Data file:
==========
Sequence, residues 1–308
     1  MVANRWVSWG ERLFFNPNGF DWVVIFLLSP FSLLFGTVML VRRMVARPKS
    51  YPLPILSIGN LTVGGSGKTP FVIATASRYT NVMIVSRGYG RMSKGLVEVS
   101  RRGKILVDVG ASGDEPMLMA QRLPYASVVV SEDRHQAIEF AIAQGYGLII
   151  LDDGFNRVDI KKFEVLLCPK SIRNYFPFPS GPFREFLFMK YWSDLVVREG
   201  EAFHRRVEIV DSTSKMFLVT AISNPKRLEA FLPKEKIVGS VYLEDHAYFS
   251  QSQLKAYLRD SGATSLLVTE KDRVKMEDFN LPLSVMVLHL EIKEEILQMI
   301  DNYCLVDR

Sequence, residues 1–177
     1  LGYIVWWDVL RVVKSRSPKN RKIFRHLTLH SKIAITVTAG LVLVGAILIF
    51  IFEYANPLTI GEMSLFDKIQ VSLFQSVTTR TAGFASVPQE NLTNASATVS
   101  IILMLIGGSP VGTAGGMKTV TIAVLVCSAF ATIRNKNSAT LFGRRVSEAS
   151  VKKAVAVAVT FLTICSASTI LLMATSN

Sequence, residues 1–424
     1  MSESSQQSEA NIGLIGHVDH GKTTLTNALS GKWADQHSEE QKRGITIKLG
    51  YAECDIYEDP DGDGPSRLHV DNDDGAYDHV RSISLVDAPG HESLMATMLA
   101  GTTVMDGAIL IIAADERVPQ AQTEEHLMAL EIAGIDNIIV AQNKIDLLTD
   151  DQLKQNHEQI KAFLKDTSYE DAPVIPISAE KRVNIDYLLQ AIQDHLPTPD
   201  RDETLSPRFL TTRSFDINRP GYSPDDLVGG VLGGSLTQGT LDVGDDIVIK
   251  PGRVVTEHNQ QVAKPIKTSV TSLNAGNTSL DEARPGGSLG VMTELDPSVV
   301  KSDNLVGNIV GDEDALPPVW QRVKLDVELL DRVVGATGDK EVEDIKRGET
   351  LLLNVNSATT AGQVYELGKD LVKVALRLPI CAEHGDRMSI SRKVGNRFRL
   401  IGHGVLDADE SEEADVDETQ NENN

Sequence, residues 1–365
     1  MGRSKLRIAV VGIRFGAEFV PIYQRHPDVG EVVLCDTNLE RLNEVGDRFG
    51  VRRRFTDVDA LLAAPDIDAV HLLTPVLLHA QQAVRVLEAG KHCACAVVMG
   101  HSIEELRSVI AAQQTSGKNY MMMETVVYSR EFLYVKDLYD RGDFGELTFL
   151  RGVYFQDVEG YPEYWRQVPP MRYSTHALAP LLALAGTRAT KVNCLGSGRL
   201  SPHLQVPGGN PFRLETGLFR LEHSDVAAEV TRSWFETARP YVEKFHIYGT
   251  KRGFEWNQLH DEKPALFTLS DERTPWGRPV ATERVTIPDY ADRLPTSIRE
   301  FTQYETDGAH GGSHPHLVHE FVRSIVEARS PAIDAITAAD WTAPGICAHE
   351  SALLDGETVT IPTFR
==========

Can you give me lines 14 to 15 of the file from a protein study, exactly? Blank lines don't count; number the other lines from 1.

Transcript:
Sequence, residues 1–424
     1  MSESSQQSEA NIGLIGHVDH GKTTLTNALS GKWADQHSEE QKRGITIKLG